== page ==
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shotgun chokes

Discussion in 'Shotguns' started by tiko_joe, Nov 18, 2007.

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  1. tiko_joe

    tiko_joe Member

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    ok, i just got back from pheasant hunting. got up a cock and a hen missed both shots. we think the got clipped due to the way the landed and ran but never got them back up. now i'm using a full choke w/4 shot steel and my buddy was using a modified w/4 shot lead & steel. is patterns seemed to be a little bigger. does any one know the sizing of choke patterns. at 10-15 yards i appear to be throwing out a 8-11 inche pattern. i know i need more practice because last weekend i got a bird at about 13 yards. i just what to use the best set up (round and choke) and i dont now if what im using any good?
     
  2. tiko_joe

    tiko_joe Member

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    p.s. my barrel is 28"
     
  3. rcmodel

    rcmodel Member in memoriam

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    If they are getting up close due to cold weather or dogs pointing them, you need an Improved Cylinder, or at most, a Modified.

    If they are running and flushing way out there you need a modified or full.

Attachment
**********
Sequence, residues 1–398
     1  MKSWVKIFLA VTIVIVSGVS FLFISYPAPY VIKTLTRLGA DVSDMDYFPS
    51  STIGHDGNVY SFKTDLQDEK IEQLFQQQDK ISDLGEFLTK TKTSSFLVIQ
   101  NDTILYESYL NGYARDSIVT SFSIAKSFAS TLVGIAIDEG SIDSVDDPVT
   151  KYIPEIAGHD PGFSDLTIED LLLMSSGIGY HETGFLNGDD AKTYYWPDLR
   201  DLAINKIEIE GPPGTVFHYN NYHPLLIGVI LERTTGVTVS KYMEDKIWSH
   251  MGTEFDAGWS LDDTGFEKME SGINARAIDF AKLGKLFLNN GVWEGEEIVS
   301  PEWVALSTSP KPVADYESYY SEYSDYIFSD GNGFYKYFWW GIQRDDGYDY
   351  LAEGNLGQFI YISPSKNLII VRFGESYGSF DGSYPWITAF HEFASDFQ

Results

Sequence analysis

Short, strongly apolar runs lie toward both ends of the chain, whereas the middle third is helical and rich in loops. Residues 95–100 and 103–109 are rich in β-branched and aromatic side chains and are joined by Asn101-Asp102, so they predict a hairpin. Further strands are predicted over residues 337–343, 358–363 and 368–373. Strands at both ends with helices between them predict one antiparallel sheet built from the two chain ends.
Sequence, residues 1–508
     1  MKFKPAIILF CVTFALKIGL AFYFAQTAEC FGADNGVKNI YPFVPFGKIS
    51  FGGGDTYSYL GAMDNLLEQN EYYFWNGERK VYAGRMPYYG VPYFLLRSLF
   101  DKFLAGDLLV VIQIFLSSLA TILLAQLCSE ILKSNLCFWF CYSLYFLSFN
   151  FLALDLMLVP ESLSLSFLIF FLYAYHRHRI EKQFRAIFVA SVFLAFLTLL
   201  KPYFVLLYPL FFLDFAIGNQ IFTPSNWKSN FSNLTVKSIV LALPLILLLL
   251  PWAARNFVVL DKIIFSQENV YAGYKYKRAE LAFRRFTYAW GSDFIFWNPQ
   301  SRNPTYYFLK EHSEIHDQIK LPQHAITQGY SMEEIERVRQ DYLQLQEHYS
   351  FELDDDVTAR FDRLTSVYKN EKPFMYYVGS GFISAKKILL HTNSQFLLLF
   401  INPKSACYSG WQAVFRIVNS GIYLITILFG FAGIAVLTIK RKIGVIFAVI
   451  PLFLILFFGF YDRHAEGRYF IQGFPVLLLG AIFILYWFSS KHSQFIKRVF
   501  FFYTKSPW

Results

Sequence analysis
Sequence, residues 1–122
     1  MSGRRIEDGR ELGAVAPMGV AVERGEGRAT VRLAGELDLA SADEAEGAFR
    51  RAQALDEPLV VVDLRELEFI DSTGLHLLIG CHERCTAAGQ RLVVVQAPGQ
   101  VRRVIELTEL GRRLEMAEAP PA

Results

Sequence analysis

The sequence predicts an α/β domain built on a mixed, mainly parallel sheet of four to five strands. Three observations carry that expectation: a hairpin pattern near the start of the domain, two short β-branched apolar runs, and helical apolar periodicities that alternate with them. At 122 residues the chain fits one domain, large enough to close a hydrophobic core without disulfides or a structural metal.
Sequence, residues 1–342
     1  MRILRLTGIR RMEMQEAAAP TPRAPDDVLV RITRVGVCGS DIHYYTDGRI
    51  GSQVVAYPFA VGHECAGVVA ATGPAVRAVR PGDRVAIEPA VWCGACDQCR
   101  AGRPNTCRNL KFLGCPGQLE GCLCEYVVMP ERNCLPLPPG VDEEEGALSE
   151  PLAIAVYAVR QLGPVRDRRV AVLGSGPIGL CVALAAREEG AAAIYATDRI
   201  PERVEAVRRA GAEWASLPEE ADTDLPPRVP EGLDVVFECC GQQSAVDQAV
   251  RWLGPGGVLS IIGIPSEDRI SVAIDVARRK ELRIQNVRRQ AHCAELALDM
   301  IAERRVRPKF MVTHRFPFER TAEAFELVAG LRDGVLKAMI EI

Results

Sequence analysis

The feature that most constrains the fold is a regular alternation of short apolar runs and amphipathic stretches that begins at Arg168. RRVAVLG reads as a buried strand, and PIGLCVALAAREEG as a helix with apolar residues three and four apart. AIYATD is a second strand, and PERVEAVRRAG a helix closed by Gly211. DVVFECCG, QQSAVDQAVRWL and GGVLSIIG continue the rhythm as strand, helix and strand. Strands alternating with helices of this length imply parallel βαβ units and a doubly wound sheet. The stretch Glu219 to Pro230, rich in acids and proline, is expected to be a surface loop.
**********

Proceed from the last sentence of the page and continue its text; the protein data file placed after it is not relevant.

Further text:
In any case you will have the best success with 1 1/4 oz of #5 or #6 lead shot.

    Most folks are way over-choked with todays shot-cup shells, and a full choke guns shoots like a rifle. You will kill far more birds with an IC, or at the most Modified choke.

    The ones you do manage to hit centered at 15 to 30 yards with a full choke will be hamburger meat and unfit to eat.

    1224.jpg
    rcmodel
     
  4. Bartkowski

    Bartkowski Member

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    I use an IC choke if I plan on shooting under 25 yards for rabbit and other small game. A full choke is generally used for turkey not pheasants. I like to use 2 3/4" shell with 1 1/8 or 1 1/4 oz. of 5 or 6 shot for my small game and would probably use #5 for pheasant.
     
  5. RNB65

    RNB65 Member

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    There's only one way to find out -- setup a pattern board and see for yourself what your pattern looks like. You're not going to learn anything by guessing. Sheets of paper will tell you all you need to know.
     
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